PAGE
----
Real life gender may still only be a culturally defined set of guidelines (and I say culturally defined since gender stereotypes change radically across the world stage) – but they’re things we deal with on an every day basis. And we are, in a sense, programmed to have those identities and expectations (and, unfortunately, to look poorly upon those who don’t comply with our pre-existing gender ideas).
If you look at the backlash received by people that do not fit into the gender they appear to have, or do not fit into any easily identified gender at all, you can see where this problem lies. Our culture – particularly in the “Western World” expects male humans to fit into one pattern and female humans to fit into another. In the absence of defined gender roles in game, we then transport those assumptions wholecloth (more or less) into Azeroth – along with all of the nastiness that comes when our preconceived ideas are challenged or questioned.
And of course, this doesn’t even begin to look at the gender equality, patriarchal monarchies, magic ruled societies, and how “gender” ends up getting expressed as a game mechanic.
So why is it that one is easier than the other (at least for me)? What makes assuming one thing less hard than assuming another?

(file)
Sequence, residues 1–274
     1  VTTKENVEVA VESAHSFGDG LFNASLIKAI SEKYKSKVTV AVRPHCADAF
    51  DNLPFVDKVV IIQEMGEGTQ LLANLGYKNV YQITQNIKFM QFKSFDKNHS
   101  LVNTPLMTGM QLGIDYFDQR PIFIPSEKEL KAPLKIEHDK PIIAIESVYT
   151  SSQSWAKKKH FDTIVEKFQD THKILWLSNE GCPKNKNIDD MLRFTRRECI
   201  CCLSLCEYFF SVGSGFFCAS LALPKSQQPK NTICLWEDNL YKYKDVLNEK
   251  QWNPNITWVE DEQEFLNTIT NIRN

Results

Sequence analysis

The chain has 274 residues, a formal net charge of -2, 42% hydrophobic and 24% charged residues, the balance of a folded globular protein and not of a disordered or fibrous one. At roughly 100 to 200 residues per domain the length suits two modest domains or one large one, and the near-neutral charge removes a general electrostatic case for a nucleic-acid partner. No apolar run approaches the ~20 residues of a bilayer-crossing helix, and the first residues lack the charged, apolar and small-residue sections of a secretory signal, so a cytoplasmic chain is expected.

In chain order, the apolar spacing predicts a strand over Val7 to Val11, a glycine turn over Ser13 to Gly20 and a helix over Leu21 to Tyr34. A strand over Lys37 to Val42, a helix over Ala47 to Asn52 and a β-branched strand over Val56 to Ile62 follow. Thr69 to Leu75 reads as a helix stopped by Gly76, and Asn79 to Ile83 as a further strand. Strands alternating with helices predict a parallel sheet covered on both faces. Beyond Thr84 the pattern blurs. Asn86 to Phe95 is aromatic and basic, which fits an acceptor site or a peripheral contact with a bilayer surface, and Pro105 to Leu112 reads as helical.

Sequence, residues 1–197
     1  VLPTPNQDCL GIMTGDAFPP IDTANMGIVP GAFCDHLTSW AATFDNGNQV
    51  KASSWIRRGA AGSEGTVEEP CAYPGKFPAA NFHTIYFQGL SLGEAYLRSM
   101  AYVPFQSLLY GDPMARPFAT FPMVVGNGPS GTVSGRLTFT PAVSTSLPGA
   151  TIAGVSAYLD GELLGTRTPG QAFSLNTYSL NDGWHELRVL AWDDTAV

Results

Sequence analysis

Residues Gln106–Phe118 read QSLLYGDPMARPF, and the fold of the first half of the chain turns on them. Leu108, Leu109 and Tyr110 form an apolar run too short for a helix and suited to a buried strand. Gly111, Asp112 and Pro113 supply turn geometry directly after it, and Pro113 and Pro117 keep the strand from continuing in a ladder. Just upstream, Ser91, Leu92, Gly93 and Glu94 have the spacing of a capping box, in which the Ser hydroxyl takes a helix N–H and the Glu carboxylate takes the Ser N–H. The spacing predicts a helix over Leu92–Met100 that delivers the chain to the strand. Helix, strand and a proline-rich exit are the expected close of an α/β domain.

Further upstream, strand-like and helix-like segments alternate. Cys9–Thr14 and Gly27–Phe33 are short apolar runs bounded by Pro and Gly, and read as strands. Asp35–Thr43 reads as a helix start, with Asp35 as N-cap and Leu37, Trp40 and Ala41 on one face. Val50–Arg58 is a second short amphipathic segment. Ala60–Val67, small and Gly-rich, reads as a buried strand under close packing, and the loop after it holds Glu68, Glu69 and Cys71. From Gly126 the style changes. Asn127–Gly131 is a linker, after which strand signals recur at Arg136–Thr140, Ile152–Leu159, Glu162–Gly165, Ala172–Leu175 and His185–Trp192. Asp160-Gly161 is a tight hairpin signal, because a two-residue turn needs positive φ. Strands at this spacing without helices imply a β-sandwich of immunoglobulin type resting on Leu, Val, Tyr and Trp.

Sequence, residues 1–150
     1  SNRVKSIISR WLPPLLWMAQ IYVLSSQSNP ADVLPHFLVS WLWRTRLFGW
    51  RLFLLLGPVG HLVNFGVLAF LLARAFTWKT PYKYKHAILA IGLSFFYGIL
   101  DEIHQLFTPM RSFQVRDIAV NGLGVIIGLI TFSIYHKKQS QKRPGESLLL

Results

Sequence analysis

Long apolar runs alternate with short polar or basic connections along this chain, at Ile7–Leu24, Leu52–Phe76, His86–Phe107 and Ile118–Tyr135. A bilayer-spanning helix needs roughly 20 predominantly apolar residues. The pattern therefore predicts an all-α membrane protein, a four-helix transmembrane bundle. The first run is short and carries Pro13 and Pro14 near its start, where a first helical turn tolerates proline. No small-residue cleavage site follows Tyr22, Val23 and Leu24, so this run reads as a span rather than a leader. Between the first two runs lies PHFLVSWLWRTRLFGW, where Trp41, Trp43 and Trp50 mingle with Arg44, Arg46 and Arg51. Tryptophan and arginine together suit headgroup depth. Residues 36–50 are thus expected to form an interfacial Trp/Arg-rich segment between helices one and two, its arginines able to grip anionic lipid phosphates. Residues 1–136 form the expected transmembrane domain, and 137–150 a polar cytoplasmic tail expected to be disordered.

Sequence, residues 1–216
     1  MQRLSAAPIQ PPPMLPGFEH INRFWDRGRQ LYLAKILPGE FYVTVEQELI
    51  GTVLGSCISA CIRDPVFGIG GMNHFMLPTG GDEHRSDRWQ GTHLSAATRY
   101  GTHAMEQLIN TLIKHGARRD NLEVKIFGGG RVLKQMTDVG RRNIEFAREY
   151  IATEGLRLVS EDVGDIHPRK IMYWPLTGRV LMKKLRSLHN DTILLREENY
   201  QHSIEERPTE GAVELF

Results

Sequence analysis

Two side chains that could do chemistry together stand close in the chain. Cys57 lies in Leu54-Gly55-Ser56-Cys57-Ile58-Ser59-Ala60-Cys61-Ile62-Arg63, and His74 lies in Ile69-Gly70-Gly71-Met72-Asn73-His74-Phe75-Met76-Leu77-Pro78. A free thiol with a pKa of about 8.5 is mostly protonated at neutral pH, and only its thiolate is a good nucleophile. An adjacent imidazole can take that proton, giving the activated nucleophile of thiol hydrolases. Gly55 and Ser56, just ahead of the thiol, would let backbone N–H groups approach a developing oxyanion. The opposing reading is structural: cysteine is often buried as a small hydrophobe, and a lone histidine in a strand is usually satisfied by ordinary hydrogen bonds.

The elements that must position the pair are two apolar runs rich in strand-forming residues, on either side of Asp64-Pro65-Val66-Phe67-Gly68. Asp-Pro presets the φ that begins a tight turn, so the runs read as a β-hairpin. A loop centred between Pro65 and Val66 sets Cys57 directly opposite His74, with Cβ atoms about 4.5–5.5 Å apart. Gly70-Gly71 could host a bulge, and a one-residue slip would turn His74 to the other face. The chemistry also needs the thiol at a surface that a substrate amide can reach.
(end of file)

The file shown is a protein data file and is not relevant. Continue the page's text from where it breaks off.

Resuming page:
It comes down to playing pretend.
Night elves, Dwarves, Trolls, Orcs – they are pretend. Fiction. Imaginary ideas of cultures in which we can all play imagination together, and even if those imaginary ideas are similar to other imaginary ideas in other stories and games, they’re still in the realm of pretend. I can take on the role of a Troll, and fit it into a character concept, because what I make “Troll” out to be is just as right (as long as it’s within the framework) as anything else.
Gender, on the other hand, is something that comes from outside of game, so it comes with a lot of excess “baggage” – baggage that, for me, makes it more difficult to be satisfied with RPing male characters than I can be with the various female characters I’m already working on.